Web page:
The Center of Mitochondrial and Epigenomic Medicine (CMEM) is poised to advance the understanding of, and potential treatments for, a multitude of disorders and diseases by focusing on mitochondria, tiny structures within our cells that produce 90 percent of the body's energy. Because nothing in the cell works without energy, scientists and physicians need to understand the flow of energy and the disturbance of the flow of energy during disease. Also essential is communication between the mitochondria and nuclear DNA, which enables the mitochondria to signal to the nucleus that there is enough energy to grow and reproduce. This crosstalk is mediated by the epigenome, inherited modifications in gene expression caused by tags or proteins that bind to DNA.
Led by Douglas C. Wallace, Ph.D., a pioneer and internationally prominent scientist in the field of human mitochondrial genetics, the center is investigating mitochondrial and epigenomic dysfunction in a wide range of clinical problems such as autism, epilepsy, heart disease, diabetes and obesity, forms of blindness, Alzheimer and Parkinson disease, cancer, and aging. In addition to examining the essential roles of mitochondria, the CMEM team is exploring how mitochondrial genes influence adaptation to extremes in our environment such as arctic cold, tropical heat, or high altitude. CMEM also focuses on preclinical studies relevant to developing therapies for mitochondrial dysfunction, for which few effective clinical treatments currently exist.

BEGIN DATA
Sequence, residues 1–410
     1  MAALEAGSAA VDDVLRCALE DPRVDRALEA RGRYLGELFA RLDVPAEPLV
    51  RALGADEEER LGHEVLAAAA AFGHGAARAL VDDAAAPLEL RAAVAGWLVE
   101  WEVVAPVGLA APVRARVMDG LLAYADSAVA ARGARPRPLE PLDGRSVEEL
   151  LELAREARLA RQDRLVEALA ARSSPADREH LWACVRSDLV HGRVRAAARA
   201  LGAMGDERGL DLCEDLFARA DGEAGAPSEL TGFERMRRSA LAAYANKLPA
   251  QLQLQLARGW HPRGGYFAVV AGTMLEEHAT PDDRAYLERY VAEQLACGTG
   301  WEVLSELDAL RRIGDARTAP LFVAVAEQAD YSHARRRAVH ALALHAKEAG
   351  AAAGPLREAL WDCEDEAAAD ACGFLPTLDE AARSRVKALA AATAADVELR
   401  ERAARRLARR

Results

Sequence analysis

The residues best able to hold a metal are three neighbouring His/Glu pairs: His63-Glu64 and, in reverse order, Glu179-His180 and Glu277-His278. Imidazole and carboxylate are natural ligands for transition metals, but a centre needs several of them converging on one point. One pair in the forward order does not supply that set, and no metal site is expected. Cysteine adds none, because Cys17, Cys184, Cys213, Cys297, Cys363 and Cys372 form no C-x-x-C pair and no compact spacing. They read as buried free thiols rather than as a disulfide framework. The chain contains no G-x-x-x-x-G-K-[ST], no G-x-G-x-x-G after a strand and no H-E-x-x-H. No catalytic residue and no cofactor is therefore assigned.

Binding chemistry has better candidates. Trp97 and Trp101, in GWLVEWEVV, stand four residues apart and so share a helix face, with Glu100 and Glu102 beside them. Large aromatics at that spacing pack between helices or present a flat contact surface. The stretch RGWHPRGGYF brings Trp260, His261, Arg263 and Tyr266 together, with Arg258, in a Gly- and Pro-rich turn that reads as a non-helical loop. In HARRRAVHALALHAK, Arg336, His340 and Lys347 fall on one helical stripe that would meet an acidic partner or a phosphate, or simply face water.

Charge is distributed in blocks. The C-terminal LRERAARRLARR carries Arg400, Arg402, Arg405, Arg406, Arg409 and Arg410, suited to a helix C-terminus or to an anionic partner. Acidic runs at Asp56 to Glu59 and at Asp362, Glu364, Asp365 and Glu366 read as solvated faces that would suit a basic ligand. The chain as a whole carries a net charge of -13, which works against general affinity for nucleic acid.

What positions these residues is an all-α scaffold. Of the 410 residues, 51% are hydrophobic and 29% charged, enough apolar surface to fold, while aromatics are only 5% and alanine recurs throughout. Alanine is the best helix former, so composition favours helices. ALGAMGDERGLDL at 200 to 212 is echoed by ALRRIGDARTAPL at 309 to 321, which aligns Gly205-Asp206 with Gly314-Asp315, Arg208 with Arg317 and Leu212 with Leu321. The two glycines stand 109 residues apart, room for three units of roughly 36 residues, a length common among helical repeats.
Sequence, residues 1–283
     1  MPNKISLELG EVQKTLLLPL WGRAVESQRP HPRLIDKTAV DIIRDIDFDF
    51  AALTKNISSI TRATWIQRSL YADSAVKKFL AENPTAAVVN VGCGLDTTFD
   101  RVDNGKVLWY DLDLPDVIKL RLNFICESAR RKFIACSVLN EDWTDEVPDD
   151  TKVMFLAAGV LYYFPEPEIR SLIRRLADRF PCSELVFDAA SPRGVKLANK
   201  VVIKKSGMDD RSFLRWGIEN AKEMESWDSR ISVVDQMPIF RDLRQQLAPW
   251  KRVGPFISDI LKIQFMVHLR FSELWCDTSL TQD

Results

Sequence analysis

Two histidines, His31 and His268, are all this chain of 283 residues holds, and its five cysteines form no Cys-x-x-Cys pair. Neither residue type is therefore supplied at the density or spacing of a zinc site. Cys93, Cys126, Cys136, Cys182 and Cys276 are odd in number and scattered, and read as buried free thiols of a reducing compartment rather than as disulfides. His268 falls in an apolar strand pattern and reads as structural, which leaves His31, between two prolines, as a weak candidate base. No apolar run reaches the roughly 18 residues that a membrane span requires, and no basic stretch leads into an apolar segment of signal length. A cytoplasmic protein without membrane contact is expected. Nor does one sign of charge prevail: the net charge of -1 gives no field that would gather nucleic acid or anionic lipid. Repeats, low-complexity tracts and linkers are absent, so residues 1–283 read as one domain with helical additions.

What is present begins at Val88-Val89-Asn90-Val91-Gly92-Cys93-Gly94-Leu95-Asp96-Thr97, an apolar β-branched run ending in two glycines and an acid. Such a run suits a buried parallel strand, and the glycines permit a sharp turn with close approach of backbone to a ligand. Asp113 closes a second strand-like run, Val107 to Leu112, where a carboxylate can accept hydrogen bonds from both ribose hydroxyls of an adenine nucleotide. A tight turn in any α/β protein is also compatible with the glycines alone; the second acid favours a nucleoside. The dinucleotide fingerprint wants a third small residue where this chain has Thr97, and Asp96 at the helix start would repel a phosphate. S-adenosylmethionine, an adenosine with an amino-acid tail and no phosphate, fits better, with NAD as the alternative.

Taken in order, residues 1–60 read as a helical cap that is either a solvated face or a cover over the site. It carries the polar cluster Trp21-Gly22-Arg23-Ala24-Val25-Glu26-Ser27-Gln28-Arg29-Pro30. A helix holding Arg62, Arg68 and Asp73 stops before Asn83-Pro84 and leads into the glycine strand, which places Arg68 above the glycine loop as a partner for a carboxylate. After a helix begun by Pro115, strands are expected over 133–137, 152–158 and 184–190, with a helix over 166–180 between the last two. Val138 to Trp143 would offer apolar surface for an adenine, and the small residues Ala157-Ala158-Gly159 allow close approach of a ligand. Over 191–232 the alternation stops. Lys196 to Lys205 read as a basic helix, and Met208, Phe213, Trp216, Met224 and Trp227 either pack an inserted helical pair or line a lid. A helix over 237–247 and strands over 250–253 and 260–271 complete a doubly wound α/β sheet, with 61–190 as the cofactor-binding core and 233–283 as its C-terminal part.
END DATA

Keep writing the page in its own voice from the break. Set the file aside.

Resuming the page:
Our Center is founded on the premise that systemic mitochondrial energy deficiency, not organ-specific structural defects, underlies most metabolic and degenerative diseases, cancer, and aging. This transformative idea suggests powerful new approaches for diagnosis and treatment of both rare and common diseases.
The mission of the Center for Mitochondrial & Epigenomic Medicine (CMEM) is to unite the biomedical scientists, clinicians, and patients and their families within The Children’s Hospital of Philadelphia and The Perelman School of Medicine at the University of Pennsylvania to determine the causes and generate the cures for metabolic and degenerative diseases, cancer, and aging. To achieve this ambitious goal, the Center is applying a new biomedical paradigm which posits that most “complex” diseases result from perturbations in the mitochondrial and cellular energy generating systems rather than from organ-specific structural defects. These bioenergetic defects may result from mutations in the mitochondrial DNA or nuclear DNA, alterations in gene expression (epigenomics), or from environmental insults. Because energy is the paradigm to metabolic diseases such as diabetes, obesity, and cardiovascular disease; degenerative diseases such as autism, Down Syndrome, Leigh Syndrome, Alzheimer Disease, Parkinson Disease, forms of deafness and blindness, multiple sclerosis, heart disease, and renal failure; a variety of forms of cancer including prostate, breast colorectal; and aging which will ultimately affect everyone. Therefore, CMEM’s work will contribute to the health and wellbeing of all people: embryos, fetuses, children, adults, and elders